I’m going to qualify this entire blog by saying we die the way we have lived and according to our personality. A personality that didn’t perceive others, consider others, relate to others will not suddenly, because they can’t be fixed, become Mother Teresa-like. (I do wonder if maybe, just maybe, a glimpse of what might have been glides through their mind hoping to be perceived).

These are the same questions of self searching that affect someone facing the end of their life. Now, I may not be facing the end of my life, right now, and I hope as you read this you aren’t either BUT we will all be in this approaching end of life spot someday, as are the patients we serve and care for.

As I’m sitting at my computer I look out my window and see, in March, snow quietly falling. I see inches of snow, birds at the feeder, all is quiet, all appears right with the world. An illusion, yes, all is not right with the world, but touching into that peacefulness, that calm is healing for my restless mind and spirit.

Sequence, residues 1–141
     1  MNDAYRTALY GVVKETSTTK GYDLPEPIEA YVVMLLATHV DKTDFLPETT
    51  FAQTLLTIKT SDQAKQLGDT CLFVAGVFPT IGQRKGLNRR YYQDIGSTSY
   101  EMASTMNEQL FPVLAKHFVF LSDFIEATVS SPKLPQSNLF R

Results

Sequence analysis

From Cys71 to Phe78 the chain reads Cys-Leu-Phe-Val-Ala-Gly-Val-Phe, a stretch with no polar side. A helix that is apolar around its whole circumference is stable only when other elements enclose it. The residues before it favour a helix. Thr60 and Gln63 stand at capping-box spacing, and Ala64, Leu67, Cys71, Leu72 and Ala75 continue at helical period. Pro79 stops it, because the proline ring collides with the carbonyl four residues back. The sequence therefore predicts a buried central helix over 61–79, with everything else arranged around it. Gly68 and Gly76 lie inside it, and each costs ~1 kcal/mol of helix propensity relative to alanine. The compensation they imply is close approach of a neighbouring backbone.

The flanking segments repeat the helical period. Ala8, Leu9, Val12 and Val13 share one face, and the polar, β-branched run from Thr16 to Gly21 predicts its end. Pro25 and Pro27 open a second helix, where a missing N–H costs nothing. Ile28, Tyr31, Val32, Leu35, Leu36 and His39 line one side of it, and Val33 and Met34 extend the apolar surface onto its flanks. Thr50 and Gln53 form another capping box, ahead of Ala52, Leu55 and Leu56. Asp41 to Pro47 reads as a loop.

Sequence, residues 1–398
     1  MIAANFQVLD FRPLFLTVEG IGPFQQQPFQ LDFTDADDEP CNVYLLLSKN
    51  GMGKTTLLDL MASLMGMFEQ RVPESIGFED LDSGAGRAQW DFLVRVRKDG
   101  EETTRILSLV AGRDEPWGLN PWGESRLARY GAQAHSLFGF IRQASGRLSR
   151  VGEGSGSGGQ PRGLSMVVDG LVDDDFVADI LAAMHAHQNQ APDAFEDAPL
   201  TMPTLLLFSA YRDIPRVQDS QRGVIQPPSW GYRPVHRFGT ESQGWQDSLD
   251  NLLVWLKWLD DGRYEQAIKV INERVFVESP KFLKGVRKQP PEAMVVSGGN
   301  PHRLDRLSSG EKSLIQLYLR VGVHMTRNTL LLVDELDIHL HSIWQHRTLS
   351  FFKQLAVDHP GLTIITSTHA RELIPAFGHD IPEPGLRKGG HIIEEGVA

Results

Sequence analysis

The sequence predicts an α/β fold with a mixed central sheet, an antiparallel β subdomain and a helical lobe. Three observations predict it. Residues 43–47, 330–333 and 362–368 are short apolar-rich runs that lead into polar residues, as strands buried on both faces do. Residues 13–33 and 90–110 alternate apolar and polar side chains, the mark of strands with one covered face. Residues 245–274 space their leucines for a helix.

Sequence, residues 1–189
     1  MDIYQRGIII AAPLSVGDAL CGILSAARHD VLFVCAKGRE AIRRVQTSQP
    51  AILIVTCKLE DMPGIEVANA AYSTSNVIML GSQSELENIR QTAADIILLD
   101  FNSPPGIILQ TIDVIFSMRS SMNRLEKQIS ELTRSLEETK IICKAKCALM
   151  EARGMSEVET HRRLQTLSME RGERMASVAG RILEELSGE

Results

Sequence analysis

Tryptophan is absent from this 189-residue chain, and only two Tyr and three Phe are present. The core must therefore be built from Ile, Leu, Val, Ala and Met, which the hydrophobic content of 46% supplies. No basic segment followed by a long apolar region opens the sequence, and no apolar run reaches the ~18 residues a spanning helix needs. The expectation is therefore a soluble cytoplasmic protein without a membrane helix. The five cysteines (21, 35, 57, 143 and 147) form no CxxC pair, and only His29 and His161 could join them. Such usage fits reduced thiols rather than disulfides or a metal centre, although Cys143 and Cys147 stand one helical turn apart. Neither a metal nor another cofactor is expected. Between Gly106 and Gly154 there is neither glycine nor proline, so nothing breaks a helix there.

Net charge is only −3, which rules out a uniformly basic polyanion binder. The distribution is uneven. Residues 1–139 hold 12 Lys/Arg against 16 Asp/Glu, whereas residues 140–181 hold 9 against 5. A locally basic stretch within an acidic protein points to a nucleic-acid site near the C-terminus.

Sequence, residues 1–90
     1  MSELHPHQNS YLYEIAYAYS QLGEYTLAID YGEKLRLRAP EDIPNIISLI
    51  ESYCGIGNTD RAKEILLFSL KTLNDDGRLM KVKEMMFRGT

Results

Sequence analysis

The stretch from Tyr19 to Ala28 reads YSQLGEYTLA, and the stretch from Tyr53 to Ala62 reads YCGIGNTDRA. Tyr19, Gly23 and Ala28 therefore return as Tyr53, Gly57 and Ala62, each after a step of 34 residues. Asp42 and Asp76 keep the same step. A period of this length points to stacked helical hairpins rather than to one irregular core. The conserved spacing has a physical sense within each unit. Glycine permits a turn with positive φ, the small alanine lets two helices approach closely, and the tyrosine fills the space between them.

My wish for you in this time of isolation, of social distancing, is to let the distancing be physical but not emotional. Reach out to others, use this time to evaluate your life, activities, your purpose. Use this separation from the normal pace you have developed to recharge, relax, and reevaluate.



Was just commenting to a fellow hospice-worker yesterday “I wonder what Barbara Karnes would have to say about COVID-19…” This came after a recent re-watching of your New Rules for End of Life Care video, and a discussion about your singular talent for explaining difficult concepts in ways that all can understand, and feel comforted and at peace by your explanations.

With the uncertainty and fear due to COVID-19, we all could use a moment of peace, a moment of perspective. I’m going to read my way through the rest of your recent blogposts, and resubscribe, but I wanted to pause and thank you. for providing me with that moment of peace that I needed.